We then began working on To The Ends of The Earth. He did not have time to transpose this from the last lesson so we started to during this lesson. This is a more challenging song and is also something quite different. The “chord melody” we are going for in the beginning is in line with the lyrics of the song instead of a guitar playing melody which is interesting and also a big finger stretch. I was also able to get the solo guitar part played through once slowly before the lesson ended. Since then I’ve been focusing on that section, since it was the most difficult, and have made good progress. Even my wife has commented that my playing has improved and it’s only been 8 lessons so I am happy to hear that. I’ve also thought I noticed improvements as well as moving around the fretboard seems easier and I seem to be playing things more clearly. This has lead to me using a strap less because I am more comfortable holding the instrument and moving my fretting hand around. A side bonus I didn’t expect!
 
I missed last weeks lesson recap so I will do a very brief overview of that lesson and then a recap of this weeks lesson.

We started the lesson by playing Lord Hurons To The Ends of the Earth. We got about halfway through and he decided that I had mastered that song. We then moved to playing the Billie Eilish song don’t smile at me and I essentially was able to sight read it and played it very well for the first time ever seeing that song. We finished the lesson by beginning to work through Any Wonder by Jack Johnson. As the lesson was ending I asked my instructor if we could work on the songs I would be playing in October for Uke Heads with James Hill. The trick is converting these from GCEA tuning to baritone and he said it shouldn’t be a problem.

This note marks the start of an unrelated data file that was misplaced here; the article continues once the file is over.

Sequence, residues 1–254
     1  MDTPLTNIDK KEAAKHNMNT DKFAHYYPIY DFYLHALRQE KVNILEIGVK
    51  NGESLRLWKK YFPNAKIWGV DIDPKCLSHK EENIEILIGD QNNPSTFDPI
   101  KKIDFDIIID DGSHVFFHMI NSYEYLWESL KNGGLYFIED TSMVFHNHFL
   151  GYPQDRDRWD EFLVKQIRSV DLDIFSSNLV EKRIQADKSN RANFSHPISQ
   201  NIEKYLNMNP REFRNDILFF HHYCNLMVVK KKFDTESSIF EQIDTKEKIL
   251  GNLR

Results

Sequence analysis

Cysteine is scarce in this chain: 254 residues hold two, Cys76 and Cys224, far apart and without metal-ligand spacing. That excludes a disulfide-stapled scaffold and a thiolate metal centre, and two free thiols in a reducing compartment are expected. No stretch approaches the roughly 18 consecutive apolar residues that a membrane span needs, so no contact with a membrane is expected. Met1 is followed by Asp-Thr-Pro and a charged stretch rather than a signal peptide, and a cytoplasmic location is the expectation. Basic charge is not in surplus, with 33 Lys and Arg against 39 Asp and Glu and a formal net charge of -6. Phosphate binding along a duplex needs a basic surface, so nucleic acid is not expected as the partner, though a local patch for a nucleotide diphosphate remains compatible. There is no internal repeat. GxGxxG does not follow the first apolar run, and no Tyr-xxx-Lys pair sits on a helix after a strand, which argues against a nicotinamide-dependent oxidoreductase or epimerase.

This weeks lesson we started with a fully transcribed version of Any Wonder. After playing through the song we started to work at picking through some of the parts and making a chord melody version. After this we started to go through the Uke Head songs. Ultimately I think I’m just going to capo at the fifth fret while I work on polishing up these songs for October.

I am very happy with how much I have improved playing since starting lessons and I’m happy I have learned how to play through so many songs in such a short time. However, I want to get back on track with learning standard notation and playing higher up the fretboard. I ultimately would love it if I could pick up my uke and just be able to play something like the guys at TUS and SUS do. I think I’ll let my instructor know this next week and show him the below SUS video as an example of what my ultimate vision looks like.

 
Todays music lesson was extremely good. It lasted an hour even though they typically only last a half hour, so I think my instructor also enjoyed the lesson. It was extremely beneficial musically and also served as an important life lesson reminder. The life lesson reminder is to not forget about the value and importance of communicating clearly. I know this isn’t anything too profound, but I can definitely benefit from the reminder from time to time. I told my instructor that I planned to work through the 7 Uke Head songs on my own and I’d bring them up at lessons when I needed some guidance and help on any of the songs. I then shared the clip above of Phil from SUS and told him that one of my dream goals is to be able to play like this. Just be able to pick up the instrument, pick a key, and then play something similar to this. I told him I don’t expect this to be anything I can accomplish soon, but also wanted to know if he thought it was possible for me to do. He said absolutely and we dived right in.